Smile boosts chances of getting a loan

Positive emotions seem to drive decision-making in the world of lending, Stanford psychologists have found.

In other words, excitement rather than guilt is the emotion that is more often experienced by someone who gives a loan to another person, according to a study by Brian Knutson, an associate professor of psychology, and Alexander Genevsky, a doctoral student in psychology.

Knutson and Genevsky found that the brain’s emotional mechanisms – “affect,” or the experience of feeling or emotion – seem to play a key role in lending decisions. The research, published in the journal Psychological Science, is the first attempt to combine big data and neuro-imaging on this topic.

Finance offers financial services to low-income people or those who do not have access to typical banking services. A loan can help those on the bottom of the economic ladder become upwardly mobile if, for example, the loan helps someone in a developing country to launch a new business, improve housing or fund education.

Effective loan appeals

Knutson and Genevsky examined more than 13,000 real-world loan requests – both successful and unsuccessful – from Kiva, a large financing company.

For the neuro-imaging part of their study, they experimentally reviewed the brain activity of 28 people as they chose whether to lend money or not. In the experiment, the participants looked at photographs of potential borrowers and read their loan requests before deciding whether to give them a loan.

Genevsky said, “We demonstrated that positive emotions – like excitement – rather than negative emotions – like guilt – seem to drive lending decisions. The findings not only inform theories about why people make loans but also the practice of constructing effective loan appeals.”

In particular, the photographs of loan applicants that prompted the highest positive emotional reaction resulted in the highest rate of lending. Applicants whose photos prompted the highest negative arousal were the least successful in garnering loans.

Knutson and Genevsky noted that the area of the brain that was studied – the nucleus acumens, a region of the forebrain – is connected to motivation, pleasure and reward processing. Activity in these regions is also associated with charitable actions.

Knutson said, “Positive affect or emotions – such as excitement – surprisingly seem more powerful than negative emotions like sadness.” The non-monetary aspects of a loan request – like photos – can powerfully trigger positive or negative emotions, and thus influence lending decisions.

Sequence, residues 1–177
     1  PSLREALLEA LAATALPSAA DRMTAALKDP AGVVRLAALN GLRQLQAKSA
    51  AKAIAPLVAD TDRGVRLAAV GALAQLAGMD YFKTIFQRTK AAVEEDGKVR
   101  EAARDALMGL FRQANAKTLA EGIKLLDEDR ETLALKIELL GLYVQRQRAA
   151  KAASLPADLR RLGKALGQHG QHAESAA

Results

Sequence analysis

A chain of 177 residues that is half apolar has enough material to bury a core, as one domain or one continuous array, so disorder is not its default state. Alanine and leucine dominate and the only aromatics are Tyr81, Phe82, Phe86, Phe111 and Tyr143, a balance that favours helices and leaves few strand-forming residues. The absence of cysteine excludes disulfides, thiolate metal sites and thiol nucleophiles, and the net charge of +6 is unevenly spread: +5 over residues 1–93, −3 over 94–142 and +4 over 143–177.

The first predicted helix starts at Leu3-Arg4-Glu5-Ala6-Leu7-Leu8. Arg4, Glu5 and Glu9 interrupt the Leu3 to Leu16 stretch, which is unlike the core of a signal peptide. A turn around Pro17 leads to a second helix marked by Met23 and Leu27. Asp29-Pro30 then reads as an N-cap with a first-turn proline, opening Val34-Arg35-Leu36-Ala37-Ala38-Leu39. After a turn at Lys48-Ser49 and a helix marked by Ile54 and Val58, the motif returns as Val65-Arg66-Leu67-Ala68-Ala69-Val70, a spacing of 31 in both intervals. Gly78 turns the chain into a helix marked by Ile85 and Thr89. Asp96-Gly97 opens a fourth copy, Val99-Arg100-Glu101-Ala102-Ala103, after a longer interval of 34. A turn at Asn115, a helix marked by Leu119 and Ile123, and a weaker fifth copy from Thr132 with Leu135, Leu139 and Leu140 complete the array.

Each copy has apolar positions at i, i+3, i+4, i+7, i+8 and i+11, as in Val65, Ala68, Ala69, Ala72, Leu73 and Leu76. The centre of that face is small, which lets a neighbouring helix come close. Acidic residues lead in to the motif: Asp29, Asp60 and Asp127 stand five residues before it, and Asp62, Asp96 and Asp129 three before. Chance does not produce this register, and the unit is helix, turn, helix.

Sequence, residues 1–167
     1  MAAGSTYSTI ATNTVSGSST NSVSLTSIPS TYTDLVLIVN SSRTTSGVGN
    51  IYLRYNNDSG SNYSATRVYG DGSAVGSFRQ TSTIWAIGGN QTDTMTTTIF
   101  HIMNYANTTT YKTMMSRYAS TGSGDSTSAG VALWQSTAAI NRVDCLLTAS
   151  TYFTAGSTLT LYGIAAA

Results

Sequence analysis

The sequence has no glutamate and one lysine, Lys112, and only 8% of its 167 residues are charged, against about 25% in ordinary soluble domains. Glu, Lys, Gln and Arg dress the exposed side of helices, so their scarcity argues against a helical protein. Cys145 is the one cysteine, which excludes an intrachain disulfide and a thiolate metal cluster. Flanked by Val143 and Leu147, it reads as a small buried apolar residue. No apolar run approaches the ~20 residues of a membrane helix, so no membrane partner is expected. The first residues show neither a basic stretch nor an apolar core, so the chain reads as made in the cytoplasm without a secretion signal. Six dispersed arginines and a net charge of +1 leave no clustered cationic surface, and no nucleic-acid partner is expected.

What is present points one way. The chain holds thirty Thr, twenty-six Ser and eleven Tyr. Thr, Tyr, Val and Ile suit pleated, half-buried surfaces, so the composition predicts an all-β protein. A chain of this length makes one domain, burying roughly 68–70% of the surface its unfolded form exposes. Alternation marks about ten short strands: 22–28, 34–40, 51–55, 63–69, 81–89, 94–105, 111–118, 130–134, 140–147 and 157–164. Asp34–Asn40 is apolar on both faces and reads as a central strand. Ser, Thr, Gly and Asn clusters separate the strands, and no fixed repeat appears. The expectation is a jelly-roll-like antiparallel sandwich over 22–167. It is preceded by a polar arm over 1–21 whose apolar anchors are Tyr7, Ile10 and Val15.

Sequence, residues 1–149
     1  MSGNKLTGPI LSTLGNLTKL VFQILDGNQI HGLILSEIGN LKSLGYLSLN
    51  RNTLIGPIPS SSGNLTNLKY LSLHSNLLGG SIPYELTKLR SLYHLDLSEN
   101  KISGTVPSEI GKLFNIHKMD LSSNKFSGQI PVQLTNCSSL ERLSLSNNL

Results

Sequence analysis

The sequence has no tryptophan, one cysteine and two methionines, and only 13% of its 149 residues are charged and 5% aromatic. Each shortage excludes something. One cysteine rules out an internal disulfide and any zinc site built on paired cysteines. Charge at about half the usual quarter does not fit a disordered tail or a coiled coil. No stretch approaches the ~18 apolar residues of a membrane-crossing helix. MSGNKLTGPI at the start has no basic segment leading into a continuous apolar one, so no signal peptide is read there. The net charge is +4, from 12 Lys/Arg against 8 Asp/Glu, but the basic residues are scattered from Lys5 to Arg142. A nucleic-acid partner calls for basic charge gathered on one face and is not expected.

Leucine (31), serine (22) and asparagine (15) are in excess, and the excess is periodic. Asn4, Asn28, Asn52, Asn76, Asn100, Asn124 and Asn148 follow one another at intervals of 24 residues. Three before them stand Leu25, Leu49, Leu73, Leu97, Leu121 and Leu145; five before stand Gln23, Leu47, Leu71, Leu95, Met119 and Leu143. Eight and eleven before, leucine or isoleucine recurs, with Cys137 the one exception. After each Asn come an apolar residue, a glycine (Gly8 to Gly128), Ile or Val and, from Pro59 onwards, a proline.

Prior scholarship has shown that people are more likely to give money to orphans if the donors are aroused in a positive way – but not if negative emotions are evoked, according to the researchers.

Based on their new research, Knutson and Genevsky believe it is possible that positive affect increases risk-taking – including giving to a needy stranger, as in the case of finance.

Societal contributions and choices

Genevsky said this research is important to society because it offers a “best practices” approach to creating effective requests for financial aid.

“Changing the affective elements of aid requests has a negligible cost, but can lead to significant increases in funding,” he said, noting the importance of photographs and the relative lesser influence of the text or even the amount being requested.

Knutson said the study helps to explain the rapid rise and popularity of Internet lending platforms. He suggests that there may be a latent demand for lending and giving that can be unleashed by better understanding how to engage people in finance – what works well and what does not.

For example, the research highlights how the design of loan requests may critically influence success in unintended ways that are not predicted by traditional economic theory, according to Knutson.

For those making loan requests, he said, the study showed that relatively minor changes to the requests, such as presenting a clear and smiling photo, can greatly determine success or failure. Major changes – like carefully crafting an English-language narrative or asking for less money – do not appear to be that important.

One of the most surprising aspects of the findings was that “neuro-forecasting” is possible, Knutson said. Brain activity in a group of lab participants as they looked at a loan application seemed to be more accurate in predicting whether the loan would actually be approved in the real world than the conscious choices they made after viewing the application, he said.

“This vindicates the neuro-economic scientific strategy of breaking down choice into its components, and suggests that some of those components may provide more information about aggregate behaviour than others,” said Knutson, noting that the research was partially supported by the Stanford NeuroChoice initiative.

As Genevsky described it, the research found that the neural activity of the lab participants was a better predictor of real-world loan funding outcomes than their actual decisions on whether or not to fund.

“In other words, the considered preferences of our participants were less informative about real-world outcomes than their most basic neural responses,” he said.

Provided by: Stanford University